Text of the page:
Thunder and Fracture

“Thunder” and “Fracture” seem to us to be perfect names for a terrier, and as it happens, both were the names of real dogs who were significant in their shared breed for different reasons.

Airedale Terrier, Thunder, Fracture,  Bingley Terrier, Waterside Terrier, Vero Shaw, C.H. Mason,Reginald Knight

Thunder, from The Illustrated Book of the Dog, London/New York

When Vero Shaw published his important Book of the Dog in 1880, it was the first dog book ever to mention the breed by the name we know it today, Airedale Terrier. It contained the first written standard of the breed, and an illustration of the dog upon whom that standard was based. The dog’s name was Thunder, and he was owned by the person who wrote the standard in 1879, Reginald Knight. Curiously, a number of judges and breeders signed a declaration of intent to abide by the standard. Curious for reasons that are evident in the next paragraph.

Most people would be appalled to learn that the rules of a game they play are written to benefit the writer of the rules, so understandably, there was an uproar among a lot of Airedale fanciers at the time who felt Mr. Knight wrote the standard to fit his dog. They noted that even breed proportions were based on Thunder’s actual measurements.

C.H. Mason, who imported “Bruce,”  the first Airedale into the United States, commented that Knight’s description in the breed standard was radically wrong in many respects. In a Part I of a column that appeared in ShowSight Magazine back in 2012, the ATCA Illustrated Committee with April Clyde, President, mentioned that Knight hadn’t bred the dog to the ideas of other fanciers trying to set the “type” for this evolving breed, and that the standard was discounted by the majority of breeders.  In response to the fuss, the Kennel Club in the UK crafted a new standard. We are still looking for that 19th century version, the most recent breed standard updated by the Kennel Club in January, 2020.  Still, we are grateful for Reginald Knight’s high opinion of Thunder and for his having gone to the trouble of having a lithograph made of the dog. To our knowledge, it is the earliest published portrait of an Airedale Terrier.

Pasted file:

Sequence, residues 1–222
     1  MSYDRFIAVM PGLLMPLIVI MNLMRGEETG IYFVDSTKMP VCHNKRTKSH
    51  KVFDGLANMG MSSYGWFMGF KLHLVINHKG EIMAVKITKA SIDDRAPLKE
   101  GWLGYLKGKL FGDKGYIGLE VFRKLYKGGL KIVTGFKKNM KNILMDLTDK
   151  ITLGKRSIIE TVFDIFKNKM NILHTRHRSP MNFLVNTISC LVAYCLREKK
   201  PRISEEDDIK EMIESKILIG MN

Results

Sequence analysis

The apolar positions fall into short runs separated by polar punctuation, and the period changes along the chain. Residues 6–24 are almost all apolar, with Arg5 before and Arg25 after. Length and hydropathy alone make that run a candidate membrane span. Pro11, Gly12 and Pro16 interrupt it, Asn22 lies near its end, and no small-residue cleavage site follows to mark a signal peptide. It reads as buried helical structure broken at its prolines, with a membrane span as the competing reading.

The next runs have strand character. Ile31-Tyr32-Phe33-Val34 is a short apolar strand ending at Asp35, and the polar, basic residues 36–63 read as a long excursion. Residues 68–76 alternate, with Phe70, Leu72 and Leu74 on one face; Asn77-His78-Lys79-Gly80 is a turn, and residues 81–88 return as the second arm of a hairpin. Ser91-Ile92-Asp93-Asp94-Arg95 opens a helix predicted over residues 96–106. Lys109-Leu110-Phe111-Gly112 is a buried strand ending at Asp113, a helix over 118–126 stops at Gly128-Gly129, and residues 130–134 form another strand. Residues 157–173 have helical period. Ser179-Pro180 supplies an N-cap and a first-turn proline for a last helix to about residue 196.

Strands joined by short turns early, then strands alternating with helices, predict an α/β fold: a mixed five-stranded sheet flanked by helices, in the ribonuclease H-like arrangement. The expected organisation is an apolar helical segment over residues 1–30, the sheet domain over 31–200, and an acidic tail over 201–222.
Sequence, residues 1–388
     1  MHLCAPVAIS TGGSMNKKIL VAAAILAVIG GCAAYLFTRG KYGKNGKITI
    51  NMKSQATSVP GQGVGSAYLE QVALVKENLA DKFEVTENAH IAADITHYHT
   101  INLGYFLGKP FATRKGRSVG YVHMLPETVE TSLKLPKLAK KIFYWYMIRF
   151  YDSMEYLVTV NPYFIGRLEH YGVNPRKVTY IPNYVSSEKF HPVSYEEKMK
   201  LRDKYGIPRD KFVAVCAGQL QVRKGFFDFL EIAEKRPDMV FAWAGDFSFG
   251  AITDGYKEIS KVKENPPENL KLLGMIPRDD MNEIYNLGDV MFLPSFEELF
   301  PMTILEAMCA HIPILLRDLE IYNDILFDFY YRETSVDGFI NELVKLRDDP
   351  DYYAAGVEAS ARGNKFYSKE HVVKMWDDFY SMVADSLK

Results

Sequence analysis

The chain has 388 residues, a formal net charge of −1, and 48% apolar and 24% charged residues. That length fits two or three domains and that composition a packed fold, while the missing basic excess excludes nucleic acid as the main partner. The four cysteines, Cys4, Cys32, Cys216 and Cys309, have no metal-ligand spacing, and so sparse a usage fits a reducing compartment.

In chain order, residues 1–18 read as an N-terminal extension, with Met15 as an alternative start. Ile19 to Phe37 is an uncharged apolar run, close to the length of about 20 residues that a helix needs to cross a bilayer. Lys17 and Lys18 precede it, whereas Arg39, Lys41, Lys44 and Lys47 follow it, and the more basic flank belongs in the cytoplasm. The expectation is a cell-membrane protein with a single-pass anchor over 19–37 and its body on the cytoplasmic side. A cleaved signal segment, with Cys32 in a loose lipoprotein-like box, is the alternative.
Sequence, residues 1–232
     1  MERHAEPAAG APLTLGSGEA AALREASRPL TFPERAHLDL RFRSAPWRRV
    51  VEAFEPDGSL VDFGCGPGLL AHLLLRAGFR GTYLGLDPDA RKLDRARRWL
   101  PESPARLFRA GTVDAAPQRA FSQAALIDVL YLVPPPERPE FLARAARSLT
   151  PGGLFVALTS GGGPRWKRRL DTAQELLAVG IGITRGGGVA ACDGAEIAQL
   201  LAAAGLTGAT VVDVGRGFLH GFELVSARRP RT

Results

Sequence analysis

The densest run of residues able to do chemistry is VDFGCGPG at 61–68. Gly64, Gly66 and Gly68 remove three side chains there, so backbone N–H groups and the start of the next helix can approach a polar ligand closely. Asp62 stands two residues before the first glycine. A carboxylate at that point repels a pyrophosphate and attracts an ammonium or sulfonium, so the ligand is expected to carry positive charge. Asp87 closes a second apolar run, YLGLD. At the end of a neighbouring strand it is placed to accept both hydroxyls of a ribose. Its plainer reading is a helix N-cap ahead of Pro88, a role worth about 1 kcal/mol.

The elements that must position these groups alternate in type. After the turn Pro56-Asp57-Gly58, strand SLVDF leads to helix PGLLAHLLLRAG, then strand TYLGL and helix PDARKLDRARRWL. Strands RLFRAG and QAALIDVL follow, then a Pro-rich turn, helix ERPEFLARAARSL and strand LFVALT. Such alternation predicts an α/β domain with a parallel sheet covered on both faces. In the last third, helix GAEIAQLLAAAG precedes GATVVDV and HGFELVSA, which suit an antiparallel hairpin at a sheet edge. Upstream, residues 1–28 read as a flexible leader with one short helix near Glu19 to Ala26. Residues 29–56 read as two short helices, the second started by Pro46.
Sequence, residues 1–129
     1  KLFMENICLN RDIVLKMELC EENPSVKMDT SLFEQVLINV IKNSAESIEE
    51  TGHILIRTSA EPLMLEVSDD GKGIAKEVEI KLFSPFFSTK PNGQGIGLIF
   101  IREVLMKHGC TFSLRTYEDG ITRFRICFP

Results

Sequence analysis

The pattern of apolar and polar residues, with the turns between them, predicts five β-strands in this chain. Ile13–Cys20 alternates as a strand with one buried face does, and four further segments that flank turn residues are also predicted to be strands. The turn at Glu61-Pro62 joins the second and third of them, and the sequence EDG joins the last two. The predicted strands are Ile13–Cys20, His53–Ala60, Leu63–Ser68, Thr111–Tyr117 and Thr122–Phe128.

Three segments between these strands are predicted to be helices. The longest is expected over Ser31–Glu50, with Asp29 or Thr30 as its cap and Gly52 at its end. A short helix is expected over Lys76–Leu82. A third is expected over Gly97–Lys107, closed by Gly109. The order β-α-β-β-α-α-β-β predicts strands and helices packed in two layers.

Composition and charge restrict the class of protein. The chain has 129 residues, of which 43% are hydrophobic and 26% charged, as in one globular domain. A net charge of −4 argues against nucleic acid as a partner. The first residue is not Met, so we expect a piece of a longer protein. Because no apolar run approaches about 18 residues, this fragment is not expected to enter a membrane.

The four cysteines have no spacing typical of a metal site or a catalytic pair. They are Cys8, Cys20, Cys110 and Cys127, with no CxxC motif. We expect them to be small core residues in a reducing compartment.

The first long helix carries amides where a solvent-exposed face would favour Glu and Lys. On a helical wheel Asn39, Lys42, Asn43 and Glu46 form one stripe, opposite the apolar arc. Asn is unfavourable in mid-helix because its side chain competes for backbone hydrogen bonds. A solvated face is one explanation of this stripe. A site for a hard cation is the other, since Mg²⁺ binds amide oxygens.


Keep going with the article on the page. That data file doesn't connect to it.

And then there was the Airedale bitch, “Fracture.” Of her it was said, “An extremely well-made Airedale, her head, body and feet being very good but her coat is somewhat too soft in texture.” The quote appeared in the 19th century book, “Dogs of the British Isle,” by J. H. Walsh along with a wood engraving by Butterworth and Heath based on a sketch by A. Baker.

Airedale Terrier, Thunder, Fracture,  Bingley Terrier, Waterside Terrier, Vero Shaw, C.H. Mason,Reginald Knight

“Fracture,” in a woodcut based on a sketch by A. Baker

Fracture was bred and owned by a Mr. Wade, and was by Crack out of Poll, Crack having sired four champions, Rock Prince, Sweet Moireen, Bolton Woods Blossom, and Bolton Woods Briar.  In her day, Fracture was considered the best at the Wolverhampton Show “where she won cleverly in a rather strong class.”

Fracture’s image suggests a dog getting closer to today’s Airedale Terrier, more so than Thunder, particularly in her head, and stop. We find her noteworthy for that alone, and for being able to see what she looked like all these years later.

The top image is considerably more modern and was create by the wonderful artist, Nolon Stacey.  Prints are available for purchase here. 

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